Several weeks after announcing a plan to deploy Texas National Guard troops along his state’s border with Mexico, Texas Gov. Rick Perry received a critical letter from the neighboring country that just happened to coincide with the anniversary of the 9/11 terrorist attacks.
Released last Wednesday, Mexico’s Ministry of Foreign Affairs used the press release to expound on a previous statement deriding Perry’s plan to deal with the illegal immigration crisis.
“The measure taken unilaterally by the Texas government is clearly erroneous and does not contribute to the efforts being made by our countries to create a secure border an a solution to the issue of immigration,” the statement read.
One week later, Perry published a letter he sent to Mexican President Enrique Peña Nieto in response.
“As neighbors and economic partners,” he wrote, “Mexico and the United States are inextricably bound by shared interests and culture. As friends we might not always agree, but we must have an honest and respectful dialogue about the challenges we share, which is why I write to you today.”
Perry praised the steps Mexico has taken in recent years to facilitate a stronger economic and cultural bond between the two nations before responding directly to the criticism lodged against him.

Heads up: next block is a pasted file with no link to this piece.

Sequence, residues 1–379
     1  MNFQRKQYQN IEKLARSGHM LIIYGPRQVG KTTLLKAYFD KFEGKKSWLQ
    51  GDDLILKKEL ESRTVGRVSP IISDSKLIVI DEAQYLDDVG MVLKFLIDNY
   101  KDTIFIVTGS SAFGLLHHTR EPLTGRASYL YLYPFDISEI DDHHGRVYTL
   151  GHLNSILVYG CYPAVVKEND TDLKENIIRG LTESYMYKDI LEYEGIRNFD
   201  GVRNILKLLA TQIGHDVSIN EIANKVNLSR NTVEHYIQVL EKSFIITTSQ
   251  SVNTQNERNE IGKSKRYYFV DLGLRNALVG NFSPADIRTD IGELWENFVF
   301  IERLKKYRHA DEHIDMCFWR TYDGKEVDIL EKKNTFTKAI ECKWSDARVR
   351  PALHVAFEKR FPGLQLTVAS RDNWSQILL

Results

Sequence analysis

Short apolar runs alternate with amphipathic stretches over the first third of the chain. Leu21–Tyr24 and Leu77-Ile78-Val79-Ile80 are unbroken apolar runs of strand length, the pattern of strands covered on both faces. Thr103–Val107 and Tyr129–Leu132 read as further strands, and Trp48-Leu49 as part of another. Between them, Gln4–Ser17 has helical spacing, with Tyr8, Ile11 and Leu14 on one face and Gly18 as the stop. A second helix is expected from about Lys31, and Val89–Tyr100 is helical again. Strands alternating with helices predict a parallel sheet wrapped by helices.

“I believe strongly that our continued prosperity depends on a partnership that works collaboratively to address our shared border security challenges, rather than marginalizing the legitimate views of one side,” he wrote. “Our partnership cannot advance if we fail to acknowledge the serious issues associated with lax border enforcement along both of our southern borders.”
He cited the physical danger illegal immigrants face in crossing into the U.S. as well as the criminals who seek to exploit lax border security in causing harm to American citizens. Perry assured Nieto that he is dedicated to addressing the issue head-on, adding that he “will not be dissuaded by rhetoric of any kind.”
In much the same way he invited Barack Obama to discuss the crisis with him, Perry invited Nieto to Texas in the hopes that “the United States and Mexico can work as partners to find solutions to these challenges, now and in the future.”
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Lt. Gov. David Dewhurst also responded to Mexico’s statement, calling it “puzzling and frankly offensive that the government of Mexico chose the 13th anniversary of the most tragic attack on our homeland to call on Texas to throw open our international border to illegal immigration, trafficking in drugs and human lives, and potentially even terrorists who wish to harm America.”
Photo credit: Mays Business School at Texas A&M University (Flickr)